I have written many times about the inherent tensions in Judaism. It seems we need them to be a part of our faith, our understandings, our practices. So much so, that when there is no apparent tension, it appears the priests and rabbis sometimes sought to create them.
In the Torah reading for Sukkot, which include the biblical references to this holiday we read:
seven days you shall bring offerings by fire to the Lord
And in Num 29:12-39, we have an elongated description of the ritual sacrifices of Sukkot, and it’s 70! (count ’em) 70! sacrifices. That’s a lot of fire offerings.
Thus, one might view Sukkot as a holiday strongly connected with fire. Yet, if anything, it is with water that Sukkot is inextricably linked, especially through the ritual of the water libation that was performed daily in the Temple during Sukkot.
If one views Sukkot as a harvest-derived holiday, then a connection to water, and the ensuing prayers for a good rainy season, seem to connect. The rabbis, of course, go out of their way to give the practice of the water libation and Sukkot’s connection to water a textual basis. The commandment to perform the water libation is derived from the oral Torah mi Sinai, and appears in the Gemara. It even attempts to link the water libation to the text of the Torah by positing three "additional letters" appearing in Numbers 29:12-39 that spell "mayim: (water.) Thus, in rabbinic tradition, it has as much basis as if the commandment appeared in the written Torah.
So here we have this tension between the need for much fire on Sukkot for the sacrifices, and the need for water for the water libation. Fire-water. Great tension.
Rabbis, modern pos’kim, and scholars have a field day with Sukkot and water. There are connections to the four species, references to water being the very source of life, etc.
So what is it that we do on Sukkot to represent either the missing fire sacrifices or the water libation? Nothing. Therein lies yet another tension. In many (but not all cases) when a Temple ritual is obviated by the Temple’s destruction, the rabbis manage to find a suitable substitute. At the very least, they construct a ritual that has some small connection to what was lost.
Yet, fond as we are on Sukkot to speak about the water libation (and to a lesser degree, the 70 sacrifices requiring fire) I’ll be darned if I can think of one thing we do in our modern observance of the holiday to illustrate these lost practices. Granted, the waving of the lulav can been seen as representative of the wave offerings in the Temple. Perhaps it can be seen as a substitute for the sacrifices, but it hardly seems fitting substitute for the sacrifice of a whole lot of bulls. (Perhaps the Hallel is that substitute?)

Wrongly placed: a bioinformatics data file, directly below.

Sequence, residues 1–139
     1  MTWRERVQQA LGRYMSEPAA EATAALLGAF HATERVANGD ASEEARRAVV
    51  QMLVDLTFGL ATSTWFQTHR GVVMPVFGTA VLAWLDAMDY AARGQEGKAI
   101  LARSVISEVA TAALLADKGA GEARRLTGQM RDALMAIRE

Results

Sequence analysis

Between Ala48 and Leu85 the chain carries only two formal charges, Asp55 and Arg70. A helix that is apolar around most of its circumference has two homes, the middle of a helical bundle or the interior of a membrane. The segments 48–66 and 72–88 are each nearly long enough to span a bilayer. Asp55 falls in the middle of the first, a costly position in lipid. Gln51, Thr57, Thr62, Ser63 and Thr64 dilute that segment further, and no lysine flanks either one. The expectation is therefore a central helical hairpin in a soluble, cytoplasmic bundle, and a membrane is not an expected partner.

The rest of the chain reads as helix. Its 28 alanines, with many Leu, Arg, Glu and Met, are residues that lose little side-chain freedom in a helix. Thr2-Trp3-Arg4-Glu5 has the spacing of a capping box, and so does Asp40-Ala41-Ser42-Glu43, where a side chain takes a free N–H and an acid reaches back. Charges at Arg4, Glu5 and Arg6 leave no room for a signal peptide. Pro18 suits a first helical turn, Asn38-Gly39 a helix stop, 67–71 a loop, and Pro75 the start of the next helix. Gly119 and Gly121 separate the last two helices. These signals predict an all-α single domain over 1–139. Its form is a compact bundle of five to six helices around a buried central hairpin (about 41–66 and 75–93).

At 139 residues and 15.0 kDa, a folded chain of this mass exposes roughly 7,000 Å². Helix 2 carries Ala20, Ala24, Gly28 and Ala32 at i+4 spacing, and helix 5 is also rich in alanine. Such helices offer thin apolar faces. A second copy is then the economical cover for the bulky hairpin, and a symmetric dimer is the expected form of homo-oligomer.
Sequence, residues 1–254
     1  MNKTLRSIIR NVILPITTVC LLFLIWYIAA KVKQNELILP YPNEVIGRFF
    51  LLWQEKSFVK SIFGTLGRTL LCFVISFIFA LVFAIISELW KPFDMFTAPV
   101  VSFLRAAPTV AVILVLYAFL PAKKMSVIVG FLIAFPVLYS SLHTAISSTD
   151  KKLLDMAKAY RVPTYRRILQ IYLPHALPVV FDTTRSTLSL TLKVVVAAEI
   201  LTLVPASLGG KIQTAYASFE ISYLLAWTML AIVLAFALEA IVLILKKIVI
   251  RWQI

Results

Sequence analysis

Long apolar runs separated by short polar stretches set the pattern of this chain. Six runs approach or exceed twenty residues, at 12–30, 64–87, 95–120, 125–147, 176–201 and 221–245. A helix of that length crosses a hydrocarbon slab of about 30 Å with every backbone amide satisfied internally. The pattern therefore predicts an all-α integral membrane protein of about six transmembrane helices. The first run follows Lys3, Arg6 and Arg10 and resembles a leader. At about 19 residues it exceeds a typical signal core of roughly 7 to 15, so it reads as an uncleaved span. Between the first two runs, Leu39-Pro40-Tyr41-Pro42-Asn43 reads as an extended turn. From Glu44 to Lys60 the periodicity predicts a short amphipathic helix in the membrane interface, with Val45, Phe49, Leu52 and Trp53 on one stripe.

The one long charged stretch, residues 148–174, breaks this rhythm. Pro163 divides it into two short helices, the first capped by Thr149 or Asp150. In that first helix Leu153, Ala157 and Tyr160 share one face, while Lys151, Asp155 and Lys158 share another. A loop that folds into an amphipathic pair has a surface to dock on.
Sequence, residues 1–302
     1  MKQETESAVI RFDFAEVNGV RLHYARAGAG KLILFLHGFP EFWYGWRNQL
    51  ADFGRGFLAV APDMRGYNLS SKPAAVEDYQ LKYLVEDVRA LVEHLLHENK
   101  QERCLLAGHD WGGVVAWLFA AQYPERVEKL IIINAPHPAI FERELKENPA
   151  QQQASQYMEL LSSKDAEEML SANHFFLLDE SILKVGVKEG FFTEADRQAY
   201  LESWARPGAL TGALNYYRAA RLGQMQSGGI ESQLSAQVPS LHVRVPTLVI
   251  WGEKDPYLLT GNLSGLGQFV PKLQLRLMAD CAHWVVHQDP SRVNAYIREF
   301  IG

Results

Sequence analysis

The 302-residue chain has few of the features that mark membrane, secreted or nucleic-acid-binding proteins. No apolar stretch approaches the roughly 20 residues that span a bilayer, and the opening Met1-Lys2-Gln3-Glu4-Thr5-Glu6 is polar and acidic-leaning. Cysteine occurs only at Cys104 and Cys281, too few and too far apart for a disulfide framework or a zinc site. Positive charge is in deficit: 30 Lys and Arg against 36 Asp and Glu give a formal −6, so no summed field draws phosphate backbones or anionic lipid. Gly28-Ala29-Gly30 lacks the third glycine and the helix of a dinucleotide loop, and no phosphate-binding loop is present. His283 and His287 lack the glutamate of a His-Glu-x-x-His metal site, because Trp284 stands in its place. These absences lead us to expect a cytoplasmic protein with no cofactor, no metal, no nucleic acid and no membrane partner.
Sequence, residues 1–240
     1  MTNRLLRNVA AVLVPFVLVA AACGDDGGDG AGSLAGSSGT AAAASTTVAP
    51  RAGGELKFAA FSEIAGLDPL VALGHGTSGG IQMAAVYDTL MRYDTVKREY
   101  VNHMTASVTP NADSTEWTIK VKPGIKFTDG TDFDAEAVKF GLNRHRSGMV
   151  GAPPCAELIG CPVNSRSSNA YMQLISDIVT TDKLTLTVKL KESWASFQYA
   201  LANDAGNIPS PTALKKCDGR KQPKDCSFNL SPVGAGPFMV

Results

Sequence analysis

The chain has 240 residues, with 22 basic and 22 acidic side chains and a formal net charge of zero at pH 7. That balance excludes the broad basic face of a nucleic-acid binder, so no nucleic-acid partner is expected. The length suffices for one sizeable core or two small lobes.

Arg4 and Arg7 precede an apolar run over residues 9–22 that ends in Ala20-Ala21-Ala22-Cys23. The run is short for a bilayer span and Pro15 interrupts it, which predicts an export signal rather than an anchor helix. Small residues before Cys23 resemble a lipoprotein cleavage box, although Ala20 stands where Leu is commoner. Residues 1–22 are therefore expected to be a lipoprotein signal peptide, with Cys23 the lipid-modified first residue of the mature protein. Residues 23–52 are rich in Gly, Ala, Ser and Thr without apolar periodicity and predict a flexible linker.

I guess, if we’re Torah purists and reject the rabbinical addition of the water libation, we can view our prayers, the lulav, the sukkah itself, and the Hallel as substitutes for the sacrifices. So why haven’t adherents to the rabbinic tradition sought a substitute for or a ritual connection the water libation? Why aren’t we pouring out water in our Sukkot? Or, at the very least, some ritual involving pouring water over a table or something representing where we eat? I can understand why setting our sukkot on fire and then putting it out with water never became a practice, but there must be some way we can bring symbols for the fire sacrifices and the water libation back in our Sukkot practice.
As Jews, we need tension in our beliefs and practices. Sukkot has some-the tension of "partial" shelter is one. I think Sukkot needs a few more poles of tension.
So that’s my challenge to all of you, my creative friends, for this hag. Can we find a way to bring fire and water into our Sukkot celebrations? It’s gonna be a hot and cold time in the old town tonight.
Before I close, an interesting side note. Of course, the title of this musing had me singing the old Jame’s Taylor song, "Fire and Rain." In it, he sings:
I’ve seen fire and I’ve seen rain.
I’ve seen sunny days that I thought would never end…
and in the haftarah for Sukkot I, from Zechariah, we read:
In that day, there shall be neither sunlight or cold moonlight, but there shall be a continuous day–only the L"rd knows when–of neither day nor night, and there shall be light at eventide. (Zech. 14:6)
And, of course, we can always take the next two lines of the song as metaphor for our relationship with the Divine:
I’ve seen lonely times when I could not find a friend
But I always thought that I’d see you again
Of course, we’ll ignore the second verse about that Jewish carpenter guy lookin’ down on him. Or that the song is about the death of a friend, Taylor’s addictions, and his treatment for that. (And not, as the urban legend goes, about some mythical girlfriend who died in a plane crash – see http://www.snopes.com/music/songs/firerain.asp
In yet another odd connection, the haftarah speaks of a time when
fresh water shall flow from Jerusalem, part of it to the Eastern Sea and part to the Western Sea, throughout the summer and winter. (Zech. 14:8)
This lovely passage is followed by the well known
bayom hahu y’hiyeh Ad"onai ekhad, ush’mo ekhad – On that day G"d shall be One and G"d’s name shall be One. (Zech 14:9)
And I couldn’t think of a better place to stop.
Shabbat Shalom and Hag Sameakh,
©2009 by Adrian A. Durlester